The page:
University students are burning out. Students are encouraged to excel and get the best grades possible, get valuable work experience, internships, placements then apply for graduate jobs.
Like a company car, promotions, a corner office, burnout was something executives had to work years to achieve. But millennials are now getting there sooner than their parents.
Graduates are putting themselves under immense pressure to succeed, find a well-paid job and gain personal fulfilment often in junior, less rewarding roles. These pressures are even surfacing at the bid for the perfect internship, which many students use as a platform to start their career in the many admired jobs like accounting, consulting and banking.
The Harvard Business Review found that people aged between their twenties and thirties experience a sharp increase in on-going stress and were in a negative state of mind. When asked about their long-term goals, Millennials, more than any other age group mentioned goals related to their career. They mentioned finding new jobs with better benefits, more pay, better hours, better career progression prospects and a better work/life balance.
The death of Moritz Erhardt in 2013 while working at Bank of America in London as a summer intern, promoted employers to change their tactics. Erhardt’s death was caused by an epileptic seizure, but a coroner’s inquest found that work overload and stress could have caused his fit.
In response, BofA has increased their number of junior staff in an attempt to improve work/life balance for its young bankers. Other companies have focused their internships and graduate schemes on personal growth, offering more mentoring and buddy schemes for students, aiming to bridge the gap between university and working life.
In 2012, Bogdan Costea of Lancaster University Management School and colleagues analysed recruitment advertisements in The Times Top 100 Graduate Employers. The analysis concluded that there is an ethos of work which fails to recognise human limits, makes false promises about freedom, or the ideal work/life balance. Thus, it becomes a tragic proposition for the individual.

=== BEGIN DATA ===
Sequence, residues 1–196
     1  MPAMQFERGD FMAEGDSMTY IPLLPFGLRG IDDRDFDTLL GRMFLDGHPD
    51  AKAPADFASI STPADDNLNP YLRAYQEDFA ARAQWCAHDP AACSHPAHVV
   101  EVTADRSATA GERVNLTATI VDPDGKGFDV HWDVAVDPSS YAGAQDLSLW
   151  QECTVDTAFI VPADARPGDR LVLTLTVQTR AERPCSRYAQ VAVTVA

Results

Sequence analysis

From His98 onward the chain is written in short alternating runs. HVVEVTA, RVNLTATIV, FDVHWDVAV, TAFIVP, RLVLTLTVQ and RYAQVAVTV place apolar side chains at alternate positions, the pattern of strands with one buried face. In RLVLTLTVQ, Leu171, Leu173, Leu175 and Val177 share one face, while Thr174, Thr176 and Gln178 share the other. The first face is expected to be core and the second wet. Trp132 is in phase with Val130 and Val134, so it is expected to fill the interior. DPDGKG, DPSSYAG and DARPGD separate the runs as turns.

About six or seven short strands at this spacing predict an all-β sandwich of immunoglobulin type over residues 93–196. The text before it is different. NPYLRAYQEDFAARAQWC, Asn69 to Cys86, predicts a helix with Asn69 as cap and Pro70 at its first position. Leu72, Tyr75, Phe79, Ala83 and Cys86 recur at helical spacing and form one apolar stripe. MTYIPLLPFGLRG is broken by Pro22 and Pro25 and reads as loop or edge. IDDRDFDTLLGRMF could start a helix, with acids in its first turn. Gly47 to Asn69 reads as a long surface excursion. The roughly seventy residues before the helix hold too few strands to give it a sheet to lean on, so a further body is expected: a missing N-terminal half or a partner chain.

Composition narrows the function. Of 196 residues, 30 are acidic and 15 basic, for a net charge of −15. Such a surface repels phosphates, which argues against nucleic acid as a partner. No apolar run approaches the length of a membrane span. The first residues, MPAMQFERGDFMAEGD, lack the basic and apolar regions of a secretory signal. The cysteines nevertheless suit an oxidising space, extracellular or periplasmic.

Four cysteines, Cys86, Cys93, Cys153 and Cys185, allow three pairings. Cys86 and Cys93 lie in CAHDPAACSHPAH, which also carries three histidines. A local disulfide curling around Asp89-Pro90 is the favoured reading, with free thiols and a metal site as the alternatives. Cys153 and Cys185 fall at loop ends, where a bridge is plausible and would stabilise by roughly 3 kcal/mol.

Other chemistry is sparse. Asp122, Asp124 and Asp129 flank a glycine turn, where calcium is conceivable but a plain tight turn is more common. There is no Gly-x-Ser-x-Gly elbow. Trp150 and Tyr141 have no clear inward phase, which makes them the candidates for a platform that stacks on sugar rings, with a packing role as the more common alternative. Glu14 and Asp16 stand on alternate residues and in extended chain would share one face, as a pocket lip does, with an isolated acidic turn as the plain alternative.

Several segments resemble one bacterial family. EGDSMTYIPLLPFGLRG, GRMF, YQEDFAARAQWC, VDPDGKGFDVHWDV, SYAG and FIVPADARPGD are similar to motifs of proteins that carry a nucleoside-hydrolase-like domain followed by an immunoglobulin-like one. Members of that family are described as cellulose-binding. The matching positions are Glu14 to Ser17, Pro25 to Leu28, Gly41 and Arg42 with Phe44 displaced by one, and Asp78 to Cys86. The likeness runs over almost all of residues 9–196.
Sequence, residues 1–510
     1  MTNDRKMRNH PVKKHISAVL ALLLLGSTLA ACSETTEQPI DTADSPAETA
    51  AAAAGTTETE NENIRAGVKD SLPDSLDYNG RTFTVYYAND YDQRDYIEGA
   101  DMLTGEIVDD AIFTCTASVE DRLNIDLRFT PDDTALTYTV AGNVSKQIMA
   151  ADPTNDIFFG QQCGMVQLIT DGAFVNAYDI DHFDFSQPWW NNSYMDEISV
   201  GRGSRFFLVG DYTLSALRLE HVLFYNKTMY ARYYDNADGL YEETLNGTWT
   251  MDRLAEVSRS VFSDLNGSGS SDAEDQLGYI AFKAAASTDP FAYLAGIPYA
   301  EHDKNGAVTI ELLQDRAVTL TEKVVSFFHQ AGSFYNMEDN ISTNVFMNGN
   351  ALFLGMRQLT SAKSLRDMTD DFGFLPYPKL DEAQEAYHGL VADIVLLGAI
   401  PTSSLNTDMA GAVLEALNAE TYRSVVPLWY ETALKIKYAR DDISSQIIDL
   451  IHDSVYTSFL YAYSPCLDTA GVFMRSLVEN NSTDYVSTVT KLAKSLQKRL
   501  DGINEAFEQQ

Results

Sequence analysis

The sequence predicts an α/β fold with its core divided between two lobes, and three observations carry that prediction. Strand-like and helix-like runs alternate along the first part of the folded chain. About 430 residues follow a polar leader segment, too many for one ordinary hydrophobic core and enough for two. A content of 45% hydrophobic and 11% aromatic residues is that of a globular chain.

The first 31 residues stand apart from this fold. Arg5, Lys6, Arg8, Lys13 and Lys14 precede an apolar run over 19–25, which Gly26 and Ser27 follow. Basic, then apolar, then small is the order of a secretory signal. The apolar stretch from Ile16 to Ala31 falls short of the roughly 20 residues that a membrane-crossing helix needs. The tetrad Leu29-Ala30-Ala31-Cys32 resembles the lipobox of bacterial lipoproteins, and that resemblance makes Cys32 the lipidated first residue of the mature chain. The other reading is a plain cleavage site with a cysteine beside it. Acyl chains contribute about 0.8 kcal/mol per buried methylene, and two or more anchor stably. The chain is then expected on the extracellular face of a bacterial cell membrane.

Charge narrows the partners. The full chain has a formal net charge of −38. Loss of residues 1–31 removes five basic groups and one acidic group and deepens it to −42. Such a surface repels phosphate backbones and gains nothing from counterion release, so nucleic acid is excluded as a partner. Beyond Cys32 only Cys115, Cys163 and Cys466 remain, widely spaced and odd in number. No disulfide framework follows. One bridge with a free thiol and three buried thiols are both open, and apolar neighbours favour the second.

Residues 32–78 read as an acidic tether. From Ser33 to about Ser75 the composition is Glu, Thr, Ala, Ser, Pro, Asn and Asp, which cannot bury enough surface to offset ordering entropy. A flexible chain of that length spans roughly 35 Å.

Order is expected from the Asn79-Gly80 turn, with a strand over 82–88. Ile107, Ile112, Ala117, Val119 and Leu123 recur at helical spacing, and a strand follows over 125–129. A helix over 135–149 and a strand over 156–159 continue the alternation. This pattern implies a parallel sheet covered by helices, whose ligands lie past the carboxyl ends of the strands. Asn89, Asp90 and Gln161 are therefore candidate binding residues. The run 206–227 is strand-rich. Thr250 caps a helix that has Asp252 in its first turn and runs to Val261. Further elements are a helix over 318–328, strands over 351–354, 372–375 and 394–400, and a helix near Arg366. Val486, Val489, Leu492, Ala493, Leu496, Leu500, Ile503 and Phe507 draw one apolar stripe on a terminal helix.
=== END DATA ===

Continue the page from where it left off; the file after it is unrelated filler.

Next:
These companies and firms encourage students to “invest in yourself” (Herbert Smith, Law Firm), “get ready and fulfil your potential” (EY) and state that “we’ll help you open doors” (RBS). In a later paper, Professer Costea set Erhardt’s death in the context of this “culture of work focused on intensely and unremittingly on the self, a culture which becomes obligatory from the very early stages of careers, so much so that internships themselves become a kind of testing ground for the mettle of individuals”.
More than ever, students are forced to compete, to be the last one at the office, to revise more hours or to earn the most money.
Although millennials are aware that sleep and exercise helps to tackle stress, they must also consider their all-for-nothing mindset and devotion to the workplace which could be a shortcut for ruin. At the other end of the spectrum, employers should take their time, consider the health of their employees and provide care, especially concerning mental health and stress.